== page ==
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 Home > News & Policies > February 2004

For Immediate Release
Office of the Vice President
February 23, 2004

Remarks by the Vice President at the El Burrito Mercado Restaurant
St. Paul, Minnesota

1:25 P.M. CST

THE VICE PRESIDENT: Thank you. (Applause.) Thank you all very much. I've got my wife, Lynne, with me today. (Applause.) In fact, we simply wanted to come by. We had heard about El Burrito Mercado, and wanted to come by and spend a little bit of time. It's useful for us to get out and talk with folks who are out there every day in the real world, dealing with real problems. And you got to get out of Washington sometimes to do that.

Vice President Dick Cheney greets customers at El Burrito Mercado, a grocery store and cafeteria in the heart of St. Paul's Latino commercial district, in St. Paul, Minn., Monday, Feb. 23, 2004. In remarks to store patrons, Vice President Cheney underscored the vital role family-run small businesses play in creating jobs.  White House photo by David Bohrer But we appreciate very much having the opportunity to spend some time here in the Minneapolis-St. Paul area. And it's especially a pleasure to come talk to somebody who has built a business like the Silvas have. And I know many of you have, as well, too.

Now, as we wrestle with the problems of the economy and how we can provide jobs for all the people who want jobs and pursue the kind of economic growth that's vital for the nation, for the future of our children and grand children, you keep coming back to small businesses, that that's really the engine that drives the ingenuity and a lot of the innovation, but also that creates most of the jobs in our country.

And to have the opportunity to come out and talk with you all about it, get a chance to meet some of you this afternoon is something we appreciate very much. We're obviously in the middle of the debate, getting ready -- starting a new Congress -- about what we're going to do with respect to policy. There will be a debate this year and a campaign, as there should be, about economic policy and what's the right way to go. The President and I believe very deeply that we need to continue with the tax cuts that we started to get the economy cranking again.

When we took over about three years ago, of course, we were just beginning a recession. Then we had the shocks -- the 9/11 attacks, and the terrorist attacks, what that did to tourism and travel and so forth. And as we've -- now we've come out that, but I think a key part of that has been what we tried with tax policy, which is to let people keep more of what they earned on a basis that they knew better than the government how to spend it. And I think the results we're seeing in terms of growth and development have, in fact, proven that right.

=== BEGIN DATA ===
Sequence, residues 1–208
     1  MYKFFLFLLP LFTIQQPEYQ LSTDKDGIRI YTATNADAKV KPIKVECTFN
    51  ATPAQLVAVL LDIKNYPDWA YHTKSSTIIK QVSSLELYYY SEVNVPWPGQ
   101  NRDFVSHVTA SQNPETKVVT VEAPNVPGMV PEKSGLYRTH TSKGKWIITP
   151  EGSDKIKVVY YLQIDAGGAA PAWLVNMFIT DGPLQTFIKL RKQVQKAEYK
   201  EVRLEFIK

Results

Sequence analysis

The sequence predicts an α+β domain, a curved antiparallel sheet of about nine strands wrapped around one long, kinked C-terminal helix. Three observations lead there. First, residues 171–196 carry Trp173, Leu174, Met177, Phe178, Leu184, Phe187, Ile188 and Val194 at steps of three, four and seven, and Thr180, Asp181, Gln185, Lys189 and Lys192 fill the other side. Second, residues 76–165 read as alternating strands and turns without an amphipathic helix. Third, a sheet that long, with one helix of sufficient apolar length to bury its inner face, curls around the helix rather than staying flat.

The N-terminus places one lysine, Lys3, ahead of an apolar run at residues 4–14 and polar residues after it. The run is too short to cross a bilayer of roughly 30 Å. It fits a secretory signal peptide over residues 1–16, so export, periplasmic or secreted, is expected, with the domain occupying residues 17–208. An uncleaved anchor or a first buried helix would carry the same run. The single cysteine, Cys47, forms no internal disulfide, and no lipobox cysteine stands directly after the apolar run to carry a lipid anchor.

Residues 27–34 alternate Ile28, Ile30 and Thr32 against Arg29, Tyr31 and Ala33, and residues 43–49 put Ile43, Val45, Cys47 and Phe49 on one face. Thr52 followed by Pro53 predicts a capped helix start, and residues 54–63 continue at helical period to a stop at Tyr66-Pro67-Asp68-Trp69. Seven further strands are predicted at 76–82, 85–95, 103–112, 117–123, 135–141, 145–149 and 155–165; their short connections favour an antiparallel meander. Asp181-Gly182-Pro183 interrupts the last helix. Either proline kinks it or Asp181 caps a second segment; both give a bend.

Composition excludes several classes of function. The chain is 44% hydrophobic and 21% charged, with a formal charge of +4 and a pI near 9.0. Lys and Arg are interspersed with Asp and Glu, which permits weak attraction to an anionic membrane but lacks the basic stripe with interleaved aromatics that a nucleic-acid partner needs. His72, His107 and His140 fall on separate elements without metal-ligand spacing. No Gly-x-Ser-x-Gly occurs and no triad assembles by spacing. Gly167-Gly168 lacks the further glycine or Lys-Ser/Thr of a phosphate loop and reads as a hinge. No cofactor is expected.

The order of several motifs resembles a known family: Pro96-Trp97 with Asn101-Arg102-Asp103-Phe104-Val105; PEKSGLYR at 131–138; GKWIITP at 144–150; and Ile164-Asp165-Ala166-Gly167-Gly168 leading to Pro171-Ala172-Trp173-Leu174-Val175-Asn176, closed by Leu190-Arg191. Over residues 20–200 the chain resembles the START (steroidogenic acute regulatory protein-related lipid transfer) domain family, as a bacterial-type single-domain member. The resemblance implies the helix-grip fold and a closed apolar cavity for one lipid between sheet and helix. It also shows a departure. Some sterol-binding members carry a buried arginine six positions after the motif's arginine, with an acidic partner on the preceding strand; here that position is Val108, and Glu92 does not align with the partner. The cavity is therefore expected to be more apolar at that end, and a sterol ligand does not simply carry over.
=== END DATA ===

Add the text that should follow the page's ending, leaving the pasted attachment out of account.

Some will argue that now we need to raise taxes, or we need to let those tax cuts expire, not make them permanent. We think that would be a terrible mistake. When you look at things like, for example, what we've done with respect to the death tax, the fact that we've got it set now to phase out down to zero is very important.

I know out my way, I used to be the congressman from Wyoming, when I talk to business people out there, people who have small businesses, or farmers and ranchers, one of the things they worried about was their ability to pass on what they built and created and paid taxes on during their lifetime, and be able to pass that on to their kids and grandkids, and keep it in the family.

And those are the kinds of issues that are involved in making those tax cuts permanent, as well as what we're able to in terms of increasing the ability of business owners to expense investments and to be able to expand their businesses, as well, too.

So we appreciate very much what you all do. You really are what this is all about. Those of us in Washington have the privilege of serving, and I've been there quite a while, although I was out for a while running my own business. It was -- it wasn't a small business. We worked in about a hundred countries around the world. But I started life in a very small business. I actually worked in a candy store for a couple -- when I was in high school. That was my first job. I was about 15 years old. And so I know how much all of you contribute to the community, and how much the Silvas contribute to the community. I appreciate their hospitality today, and their willingness to talk to us about their business and about how things are going. And I want to thank all of you for being here, as well, too.

Thank you all very much.

END 1:32 P.M. CST